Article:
Jo Dodds: Yeah, at least I'm thinking about it, anyway. Do you use any particular tools or apps to help with that?
Nicola : Oh, come on Jo, you know I love a nice app! The 3 that spring to mind are, Slack, which is a way of communicating with your team. I swapped to it, we were using email and Skype, and it was working all right but you can't search either of those very efficiently. The thing about Slack is, all your in team communications go on inside Slack and it's highly searchable, it integrates with lots of other things, so for example, if you put a YouTube video URL in there, it will actually bring the YouTube video into Slack so you don't have to go off to YouTube and get distracted by other videos of cats and things. It's very good. Trello I love. I don't use it massively for myself but we do use it to set up our systems in and for the team to follow the systems. I don't use it for my own to do lists but it is a really nice tool and we have client Trello boards and all sorts of things, and Trello comes into Slack, so every time I go into Slack, I can see what's been happening in the Trello boards without having to go into Trello itself. They work really well together.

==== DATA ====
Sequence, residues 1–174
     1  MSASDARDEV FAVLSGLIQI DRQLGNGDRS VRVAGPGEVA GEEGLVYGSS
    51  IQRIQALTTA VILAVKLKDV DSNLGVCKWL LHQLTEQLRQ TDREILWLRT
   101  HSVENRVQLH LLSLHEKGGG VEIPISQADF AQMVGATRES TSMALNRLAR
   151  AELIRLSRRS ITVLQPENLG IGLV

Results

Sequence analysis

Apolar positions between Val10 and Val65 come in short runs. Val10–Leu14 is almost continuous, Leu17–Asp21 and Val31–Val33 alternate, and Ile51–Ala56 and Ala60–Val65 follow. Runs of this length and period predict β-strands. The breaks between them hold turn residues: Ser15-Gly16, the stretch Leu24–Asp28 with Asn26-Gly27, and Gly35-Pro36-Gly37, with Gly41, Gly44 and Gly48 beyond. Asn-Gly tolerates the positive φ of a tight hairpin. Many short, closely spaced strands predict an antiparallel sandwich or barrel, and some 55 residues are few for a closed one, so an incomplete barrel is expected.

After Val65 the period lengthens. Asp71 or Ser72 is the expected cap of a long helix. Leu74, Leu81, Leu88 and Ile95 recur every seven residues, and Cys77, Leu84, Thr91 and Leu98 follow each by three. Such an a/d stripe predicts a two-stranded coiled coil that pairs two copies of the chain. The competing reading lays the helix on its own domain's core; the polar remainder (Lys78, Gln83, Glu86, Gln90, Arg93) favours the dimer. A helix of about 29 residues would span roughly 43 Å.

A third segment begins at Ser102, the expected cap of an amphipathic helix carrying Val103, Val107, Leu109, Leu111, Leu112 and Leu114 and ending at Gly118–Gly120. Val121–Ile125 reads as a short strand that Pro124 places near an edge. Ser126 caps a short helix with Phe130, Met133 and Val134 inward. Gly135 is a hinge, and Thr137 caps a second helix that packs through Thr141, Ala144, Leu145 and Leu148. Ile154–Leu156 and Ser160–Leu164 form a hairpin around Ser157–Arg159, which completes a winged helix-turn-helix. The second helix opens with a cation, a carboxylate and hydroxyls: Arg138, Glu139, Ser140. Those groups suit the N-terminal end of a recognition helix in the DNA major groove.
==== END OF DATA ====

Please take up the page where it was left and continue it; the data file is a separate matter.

The final 2 are Infusionsoft, I know other people use other things and I know there's other things that are just as good and I've been using it for a couple years and I love it and lead pages, couldn't live without lead pages.